But wages alone aren’t enough. For me, I want to know how it all feels and looks on the ground. To ensure workers have safe, fair working conditions and job security too. That they have basic things like long lunch breaks and are free from excess stress. That they also have work environments that uphold the International Labour Organization rulings and are free from discrimination.
Speaking with workers, what we found was that workers were choosing to stay working for the company for 10 or more years, that the factories are bright, easygoing places with a good vibe and that workers are confident that the business will support them and their families, without other family members needing to work. They felt they, and their families, were being looked after and that they could rely on this security over the long term. You and I would probably just think this is all fairly normal! I wish it was! And that is exactly, how I believe it should be.
Hannah: Wow, incredible. You've clearly done the legwork to ensure that Elkie & Ark is going above the current standard, even among other ethical businesses! Could you share the story of how you became an ethical business owner? What is the need that you saw in the world for your business and product, and how do you want your company to solve it?
Anne: I have always wanted to run a business that had ethics and environmental concerns at its core. I studied environmental science and business and worked building renewable energy projects globally. During this time I became aware of the power of everyday consumers, microfinance and business done well to change the world.
A critical point for me was working with girls at risk of trafficking in rural areas of Thailand. It was brutal and some of these girls’ families had turned their backs on them. Yet when educated and with safe means of employment once old enough, these girls had this phenomenal power to rally against traffickers or even their own parents and say “no”.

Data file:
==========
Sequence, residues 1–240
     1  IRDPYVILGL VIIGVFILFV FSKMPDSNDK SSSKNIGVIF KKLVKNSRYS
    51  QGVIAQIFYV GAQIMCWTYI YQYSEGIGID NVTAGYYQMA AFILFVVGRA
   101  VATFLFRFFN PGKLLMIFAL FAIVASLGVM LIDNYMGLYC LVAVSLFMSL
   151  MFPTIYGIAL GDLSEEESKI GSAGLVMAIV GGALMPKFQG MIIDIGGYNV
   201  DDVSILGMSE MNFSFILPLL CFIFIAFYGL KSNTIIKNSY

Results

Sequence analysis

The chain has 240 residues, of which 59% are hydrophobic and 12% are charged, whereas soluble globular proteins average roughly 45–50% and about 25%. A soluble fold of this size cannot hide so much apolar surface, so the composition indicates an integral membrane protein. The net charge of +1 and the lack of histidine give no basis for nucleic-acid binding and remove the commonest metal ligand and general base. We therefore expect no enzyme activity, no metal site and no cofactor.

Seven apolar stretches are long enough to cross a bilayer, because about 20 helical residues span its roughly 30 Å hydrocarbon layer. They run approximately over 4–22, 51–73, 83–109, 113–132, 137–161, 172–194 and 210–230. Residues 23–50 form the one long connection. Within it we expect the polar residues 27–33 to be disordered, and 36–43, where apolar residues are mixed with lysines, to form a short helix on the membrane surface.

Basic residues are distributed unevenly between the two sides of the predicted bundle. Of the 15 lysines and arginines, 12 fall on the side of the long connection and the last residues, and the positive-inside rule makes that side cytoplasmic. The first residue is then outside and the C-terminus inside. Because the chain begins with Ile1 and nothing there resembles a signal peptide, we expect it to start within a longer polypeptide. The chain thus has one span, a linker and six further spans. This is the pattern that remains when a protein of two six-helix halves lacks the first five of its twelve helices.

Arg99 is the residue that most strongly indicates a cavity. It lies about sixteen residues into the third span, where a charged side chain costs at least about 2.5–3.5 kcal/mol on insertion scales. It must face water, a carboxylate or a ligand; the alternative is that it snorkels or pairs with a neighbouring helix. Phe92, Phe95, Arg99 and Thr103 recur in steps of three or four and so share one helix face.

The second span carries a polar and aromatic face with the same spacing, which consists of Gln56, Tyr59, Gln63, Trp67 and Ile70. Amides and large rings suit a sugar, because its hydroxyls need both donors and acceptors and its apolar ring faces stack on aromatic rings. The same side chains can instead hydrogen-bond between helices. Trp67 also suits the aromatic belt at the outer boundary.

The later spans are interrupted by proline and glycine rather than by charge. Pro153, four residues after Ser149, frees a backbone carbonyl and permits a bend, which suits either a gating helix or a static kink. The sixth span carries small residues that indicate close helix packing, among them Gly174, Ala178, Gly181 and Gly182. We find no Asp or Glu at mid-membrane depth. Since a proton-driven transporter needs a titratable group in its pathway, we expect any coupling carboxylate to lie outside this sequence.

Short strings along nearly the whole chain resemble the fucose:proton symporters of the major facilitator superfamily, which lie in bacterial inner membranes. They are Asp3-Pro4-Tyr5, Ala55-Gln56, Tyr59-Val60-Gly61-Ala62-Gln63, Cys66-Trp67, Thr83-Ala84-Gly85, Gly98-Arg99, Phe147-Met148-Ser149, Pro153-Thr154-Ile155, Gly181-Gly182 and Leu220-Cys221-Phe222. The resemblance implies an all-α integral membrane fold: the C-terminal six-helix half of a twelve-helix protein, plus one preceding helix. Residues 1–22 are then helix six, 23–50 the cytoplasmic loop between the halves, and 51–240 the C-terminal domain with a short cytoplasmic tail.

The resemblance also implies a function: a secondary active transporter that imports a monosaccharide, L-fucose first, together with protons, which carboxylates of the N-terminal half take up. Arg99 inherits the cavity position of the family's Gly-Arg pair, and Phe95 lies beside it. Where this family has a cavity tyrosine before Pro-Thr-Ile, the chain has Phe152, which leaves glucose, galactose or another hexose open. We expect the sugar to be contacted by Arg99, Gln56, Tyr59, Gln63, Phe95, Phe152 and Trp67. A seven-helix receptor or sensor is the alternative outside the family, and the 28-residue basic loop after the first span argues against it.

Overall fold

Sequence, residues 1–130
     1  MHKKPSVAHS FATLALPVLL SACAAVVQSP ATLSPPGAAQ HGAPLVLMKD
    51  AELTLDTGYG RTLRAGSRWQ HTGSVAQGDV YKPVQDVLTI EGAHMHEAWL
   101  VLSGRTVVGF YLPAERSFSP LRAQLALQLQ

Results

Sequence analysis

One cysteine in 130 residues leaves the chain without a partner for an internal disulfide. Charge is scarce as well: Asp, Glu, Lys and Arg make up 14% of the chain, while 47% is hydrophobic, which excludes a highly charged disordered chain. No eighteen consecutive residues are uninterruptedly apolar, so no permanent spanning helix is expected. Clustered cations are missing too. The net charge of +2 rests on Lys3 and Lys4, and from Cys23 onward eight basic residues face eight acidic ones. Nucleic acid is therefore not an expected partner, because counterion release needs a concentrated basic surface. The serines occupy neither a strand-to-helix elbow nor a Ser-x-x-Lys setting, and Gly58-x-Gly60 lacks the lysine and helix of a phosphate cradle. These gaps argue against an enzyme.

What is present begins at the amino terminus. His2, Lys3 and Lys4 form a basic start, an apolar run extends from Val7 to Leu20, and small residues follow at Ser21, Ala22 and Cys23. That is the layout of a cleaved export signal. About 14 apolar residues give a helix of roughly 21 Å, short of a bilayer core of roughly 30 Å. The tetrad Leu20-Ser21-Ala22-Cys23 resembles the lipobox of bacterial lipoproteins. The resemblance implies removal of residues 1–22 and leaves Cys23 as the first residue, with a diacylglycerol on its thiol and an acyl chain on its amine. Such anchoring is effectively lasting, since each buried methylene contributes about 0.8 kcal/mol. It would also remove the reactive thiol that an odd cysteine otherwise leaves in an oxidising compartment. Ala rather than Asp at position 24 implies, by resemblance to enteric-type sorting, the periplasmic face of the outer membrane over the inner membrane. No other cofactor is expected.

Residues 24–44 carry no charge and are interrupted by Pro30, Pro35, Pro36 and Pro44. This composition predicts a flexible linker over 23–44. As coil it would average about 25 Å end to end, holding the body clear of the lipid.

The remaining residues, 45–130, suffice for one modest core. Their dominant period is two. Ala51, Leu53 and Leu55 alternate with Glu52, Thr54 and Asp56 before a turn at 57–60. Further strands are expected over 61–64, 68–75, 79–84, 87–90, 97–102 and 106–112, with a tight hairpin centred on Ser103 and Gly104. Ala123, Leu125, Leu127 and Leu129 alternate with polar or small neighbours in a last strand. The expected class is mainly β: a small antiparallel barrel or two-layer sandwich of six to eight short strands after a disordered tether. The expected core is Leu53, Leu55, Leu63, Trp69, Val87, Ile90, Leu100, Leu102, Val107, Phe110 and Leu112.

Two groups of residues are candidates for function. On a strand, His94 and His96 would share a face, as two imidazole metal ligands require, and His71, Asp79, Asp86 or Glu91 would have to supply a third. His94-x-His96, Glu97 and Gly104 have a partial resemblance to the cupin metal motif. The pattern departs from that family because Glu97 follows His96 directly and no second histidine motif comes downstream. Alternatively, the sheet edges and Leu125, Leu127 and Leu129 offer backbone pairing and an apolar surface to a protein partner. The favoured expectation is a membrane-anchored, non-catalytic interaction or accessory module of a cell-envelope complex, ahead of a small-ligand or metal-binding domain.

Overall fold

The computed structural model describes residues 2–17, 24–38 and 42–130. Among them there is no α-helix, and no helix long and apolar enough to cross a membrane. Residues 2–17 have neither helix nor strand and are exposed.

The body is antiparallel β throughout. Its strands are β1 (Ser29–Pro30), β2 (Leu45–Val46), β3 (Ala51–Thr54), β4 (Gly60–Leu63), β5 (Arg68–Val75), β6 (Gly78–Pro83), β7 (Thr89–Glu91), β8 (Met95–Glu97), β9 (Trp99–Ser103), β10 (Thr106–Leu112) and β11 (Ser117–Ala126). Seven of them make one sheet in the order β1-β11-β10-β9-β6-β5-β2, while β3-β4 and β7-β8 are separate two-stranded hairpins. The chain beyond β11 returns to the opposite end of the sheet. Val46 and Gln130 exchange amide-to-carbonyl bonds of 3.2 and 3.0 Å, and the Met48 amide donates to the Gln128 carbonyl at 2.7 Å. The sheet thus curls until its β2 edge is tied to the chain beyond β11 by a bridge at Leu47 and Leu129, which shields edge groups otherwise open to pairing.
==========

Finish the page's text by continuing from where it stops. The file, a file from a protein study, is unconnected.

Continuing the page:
Another critical point, was during travels around India. I spoke frankly with large corporations. I asked why they hired young children. The answer came back “would you rather these children worked in the fields, or starved or were sold?” This hits home: to solve the problem, we need to deal with the poverty issue first and pay parents, mothers more.
The final turning point was when my newborn daughter was diagnosed with a condition that gave her little chance of surviving. I knew that we were in a really tough situation, yet I still had so much to be grateful for.
Many women can’t afford the healthcare needed to save their children, or just don’t have the safety nets we do or time off to look after children if they fall ill. While I had a few months worrying about my daughter’s survival, for many mothers, they had to worry every single day whether their children have access to clean water or sufficient food, or perhaps whether their children will end up being trafficked. Being grateful just wasn’t enough. I wanted to help women (the majority of textiles workers) to have the ability, through their work, to create better opportunities for themselves and their children.
My means of combatting it, in simple terms, is to pay more. Multiples more to workers and farmers. In fact, for our underlying product, I pay at least three or more times what I could buy the product for in the conventional market. This is what is needed to pay a living wage. By doing this, we can provide fair opportunity, empower workers and support education for their children. This is how I believe families and communities can stay safe from trafficking and get out of the poverty cycle for good.